Recently I’ve met with a couple of green businesses, at opposite ends of the spectrum.
The first one is a manufacturing company making all-natural chemical cleaning products for commercial use. For the past several years they have had an annual sales growth of over 100%. This year it looks like they will far surpass that number.
They drive a delivery van fueled for free from their restaurant customer’s grease that is filtered into bio fuel, which saves their customers from having to pay to send it to a landfill.
The other company just closed their doors after about five years. They were a local green retail store here in Brooklyn. They offered all-natural products for the home in a general store setting. Giftware, baby products, housewares and so on. As a service to the community, they collected used batteries for recycling.
The last time I went in to speak with one of the owners, there were piles of used batteries around and not too much inventory. She was exhausted and seemed almost resigned to the fact she would not make it.
And I’ve seen that look before. In me.Twelve years earlier when I tried and failed at a similar concept in a much larger scale.
After having been working in and with green businesses for over 20 years, this iswhat I see as theirpros and cons:
Pros of Being Green:
- Green is Hot—Is it a fad or is it here to stay? The answer is “yes”. It is a fad and it will stay. Mostly because it must stay. These days everyone wants to be seen as being green. If you have something thatpeople need that is superior to non-green alternatives, you can do well in certain situations.
- Solid Business Opportunities—if you have a product or service in the energy, clean tech or green tech sectors, or are dealing with everyday challenges people face AND are competitive in your product/service, you are in a good place.
- Marketability Factor—since the media is still hot for green, businesses can definitely find unique ways to milk this one. Just make sure you do it authentically, otherwise you risk getting busted for greenwashing—claiming you are greener than you really are.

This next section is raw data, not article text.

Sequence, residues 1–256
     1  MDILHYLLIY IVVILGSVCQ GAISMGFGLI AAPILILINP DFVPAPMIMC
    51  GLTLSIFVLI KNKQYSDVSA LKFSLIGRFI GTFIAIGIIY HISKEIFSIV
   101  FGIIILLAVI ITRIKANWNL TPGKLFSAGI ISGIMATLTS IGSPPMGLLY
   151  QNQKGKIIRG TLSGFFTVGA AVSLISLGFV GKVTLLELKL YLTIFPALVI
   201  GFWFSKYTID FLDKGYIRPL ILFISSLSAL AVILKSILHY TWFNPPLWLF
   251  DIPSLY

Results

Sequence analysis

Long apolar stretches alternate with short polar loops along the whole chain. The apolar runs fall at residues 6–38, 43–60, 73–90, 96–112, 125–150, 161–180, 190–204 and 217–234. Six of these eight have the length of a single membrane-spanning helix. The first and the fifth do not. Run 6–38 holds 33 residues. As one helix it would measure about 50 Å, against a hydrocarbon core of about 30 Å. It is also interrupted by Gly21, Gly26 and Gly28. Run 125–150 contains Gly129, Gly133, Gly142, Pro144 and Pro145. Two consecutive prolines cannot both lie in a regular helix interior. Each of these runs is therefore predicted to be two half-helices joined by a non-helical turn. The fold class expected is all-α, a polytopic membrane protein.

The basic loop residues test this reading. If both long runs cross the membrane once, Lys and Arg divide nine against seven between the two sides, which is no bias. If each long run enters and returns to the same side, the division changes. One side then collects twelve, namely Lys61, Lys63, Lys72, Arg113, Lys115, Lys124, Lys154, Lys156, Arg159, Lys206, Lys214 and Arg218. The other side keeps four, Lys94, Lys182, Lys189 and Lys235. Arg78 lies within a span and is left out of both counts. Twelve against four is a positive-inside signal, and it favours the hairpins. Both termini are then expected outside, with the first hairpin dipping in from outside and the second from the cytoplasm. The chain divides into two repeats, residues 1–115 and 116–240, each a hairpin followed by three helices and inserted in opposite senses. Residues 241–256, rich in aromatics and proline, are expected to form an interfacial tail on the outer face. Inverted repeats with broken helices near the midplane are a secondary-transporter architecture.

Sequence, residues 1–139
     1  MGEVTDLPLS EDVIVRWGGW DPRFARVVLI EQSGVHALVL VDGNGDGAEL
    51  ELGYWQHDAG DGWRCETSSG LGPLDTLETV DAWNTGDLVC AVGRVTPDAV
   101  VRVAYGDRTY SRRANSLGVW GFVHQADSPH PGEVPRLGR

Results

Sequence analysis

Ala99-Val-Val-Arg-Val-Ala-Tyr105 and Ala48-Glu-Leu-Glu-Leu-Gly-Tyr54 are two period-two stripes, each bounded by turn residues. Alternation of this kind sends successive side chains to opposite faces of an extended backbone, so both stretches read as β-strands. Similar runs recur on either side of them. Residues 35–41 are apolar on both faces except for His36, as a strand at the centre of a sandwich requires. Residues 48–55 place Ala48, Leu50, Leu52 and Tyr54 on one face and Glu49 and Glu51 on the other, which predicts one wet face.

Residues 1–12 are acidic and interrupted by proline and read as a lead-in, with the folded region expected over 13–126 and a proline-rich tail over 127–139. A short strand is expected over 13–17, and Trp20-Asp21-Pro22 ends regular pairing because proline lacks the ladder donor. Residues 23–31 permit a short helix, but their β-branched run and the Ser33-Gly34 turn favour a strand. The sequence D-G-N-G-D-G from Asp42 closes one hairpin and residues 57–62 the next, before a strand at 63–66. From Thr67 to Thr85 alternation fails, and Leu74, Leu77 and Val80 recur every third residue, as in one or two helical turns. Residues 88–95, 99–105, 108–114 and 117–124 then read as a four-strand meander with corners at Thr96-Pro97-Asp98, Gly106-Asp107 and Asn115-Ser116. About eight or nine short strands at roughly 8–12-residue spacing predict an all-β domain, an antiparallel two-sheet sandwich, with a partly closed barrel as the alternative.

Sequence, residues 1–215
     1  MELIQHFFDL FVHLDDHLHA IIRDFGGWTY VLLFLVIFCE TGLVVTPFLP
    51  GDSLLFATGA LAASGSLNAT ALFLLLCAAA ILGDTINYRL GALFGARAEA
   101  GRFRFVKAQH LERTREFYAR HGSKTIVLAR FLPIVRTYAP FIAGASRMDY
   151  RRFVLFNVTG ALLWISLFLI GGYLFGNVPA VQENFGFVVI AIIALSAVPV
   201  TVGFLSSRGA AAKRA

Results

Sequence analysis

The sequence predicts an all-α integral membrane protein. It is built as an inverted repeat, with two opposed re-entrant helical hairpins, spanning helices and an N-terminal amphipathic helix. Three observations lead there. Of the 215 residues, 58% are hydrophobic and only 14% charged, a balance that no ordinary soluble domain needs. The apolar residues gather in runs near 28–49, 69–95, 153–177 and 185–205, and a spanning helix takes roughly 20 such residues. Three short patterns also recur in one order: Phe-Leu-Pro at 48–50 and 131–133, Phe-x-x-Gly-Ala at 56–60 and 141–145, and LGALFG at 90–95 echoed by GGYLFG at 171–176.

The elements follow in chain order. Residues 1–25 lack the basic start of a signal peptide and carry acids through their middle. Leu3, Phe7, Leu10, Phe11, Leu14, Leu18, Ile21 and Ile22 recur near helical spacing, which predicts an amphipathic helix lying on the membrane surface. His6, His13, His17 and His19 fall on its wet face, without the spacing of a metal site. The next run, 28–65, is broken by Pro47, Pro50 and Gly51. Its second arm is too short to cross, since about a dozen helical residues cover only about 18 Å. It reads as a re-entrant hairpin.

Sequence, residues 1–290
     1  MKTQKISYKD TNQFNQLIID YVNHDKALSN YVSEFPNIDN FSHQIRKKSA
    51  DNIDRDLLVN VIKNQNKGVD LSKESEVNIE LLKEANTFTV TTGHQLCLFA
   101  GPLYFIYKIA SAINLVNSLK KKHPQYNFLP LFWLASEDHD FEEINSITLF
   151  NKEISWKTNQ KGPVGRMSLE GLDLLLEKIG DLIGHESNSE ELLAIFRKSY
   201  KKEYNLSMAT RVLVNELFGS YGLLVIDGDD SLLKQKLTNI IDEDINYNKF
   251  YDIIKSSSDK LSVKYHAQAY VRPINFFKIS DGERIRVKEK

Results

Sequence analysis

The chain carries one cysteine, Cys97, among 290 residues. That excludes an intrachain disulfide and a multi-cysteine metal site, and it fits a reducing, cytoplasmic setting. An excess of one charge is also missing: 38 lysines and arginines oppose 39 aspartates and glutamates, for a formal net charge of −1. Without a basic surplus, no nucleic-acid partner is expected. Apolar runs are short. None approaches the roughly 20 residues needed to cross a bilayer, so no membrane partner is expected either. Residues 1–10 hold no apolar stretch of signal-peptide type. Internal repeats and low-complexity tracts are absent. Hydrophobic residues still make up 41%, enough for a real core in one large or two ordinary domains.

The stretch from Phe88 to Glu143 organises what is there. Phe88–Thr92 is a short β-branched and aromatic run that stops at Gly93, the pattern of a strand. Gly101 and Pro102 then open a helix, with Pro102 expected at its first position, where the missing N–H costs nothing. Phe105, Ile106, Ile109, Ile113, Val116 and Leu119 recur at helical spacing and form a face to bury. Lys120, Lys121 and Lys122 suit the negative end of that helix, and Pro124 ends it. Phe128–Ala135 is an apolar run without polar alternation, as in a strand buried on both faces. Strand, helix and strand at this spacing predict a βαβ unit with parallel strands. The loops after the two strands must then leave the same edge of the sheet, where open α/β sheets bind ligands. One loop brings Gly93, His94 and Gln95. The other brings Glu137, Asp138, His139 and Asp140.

- Easier to Compete—as long as your product is just as good as or better than non-green alternatives out there you’re in good shape. Even if you cannot compete on price, there are solid strategies to position your product/service to be quite desirable.
- Strong Feel Good Component—if your product / service really makes a difference for the planet and society, you can certainly leverage this in your branding and marketing. People like knowing what they purchase is going to help more than just themselves, with everything else being relatively equal.
- · More Stable—businesses that build not only a profitable business but one that integrates the social and environmental components that surround it, usually do better than their “non-green” competitors. See Sustainability a Better Brand of Business?byGary Langenwalter.
Cons to Being Green
- Green is Hot… Right Now—those green businesses that market, position and brand themselves as “green” as the main message will struggle when the green wave subsides. Knowing how to stay hot without relying on “green” as the key differentiator is crucial.
- Keeping Up—since green business is here to stay (not to be confused with the “buzz” or fad of being green), keeping ahead of the competition in new green technologies and strategies can be quite challenging at times. For example, it is so ‘90’s to say, “We’re green because we use recycled paper and soy based inks in our materials….”
- Complex Business Model—it’s hard enough to focus on one bottom line: profits. Try focusing on three! True green businesses not only focus on being profitable, they also take responsibility of the impact their business has on people and the planet (known as the triple-bottom-line or the three p’s.)
- Juggling Hats—most green business owners I know are traditional business people OR environmentalists, but rarely both. To thrive as a green business owner, you must be great at both!
- Play By the Same Rules… For Now—many green business owners expect people will come flocking to their product or service because of how green it is. They usually are in for a rude awakening. If it does not compete on the traditional business components of: functionality, quality, fashion, and/or price it will not succeed. Guaranteed. This may change, but not yet.
And while we’re light-years ahead from where we were 20 years ago, the green business model is quite new and we’re still ironing out the kinks.
Green businesses, just like traditional businesses, must still pay rent, make payroll, figure out marketing and branding strategies and so on.
But there is one major difference. When a green business is done really well, you will see the positive social and environmental impact it has… while making a solid profit.
And when that happens, it really doesn’t get any better than that.
Action Steps for the Week:
So you want to be green, huh? Or perhaps you already are? Cool. Take a look at all three bottom lines:
- Profits – how are you going to make money (or how are you making it already)? What is your business model, price-points, competition and market analysis?
- People – how will your product/service impact your stakeholders (anyone impacted by your business: community, customers, vendors, employees, investors, etc.) What plan do you have to make sure you are making a positive difference for them?
- Planet – what do you do that will not only be gentle on the planet, but even reverse the damage we have been doing to it?
Once you answer these three in a powerful, positive and interesting way you will have a business model that is solid, strong, and truly sustainable.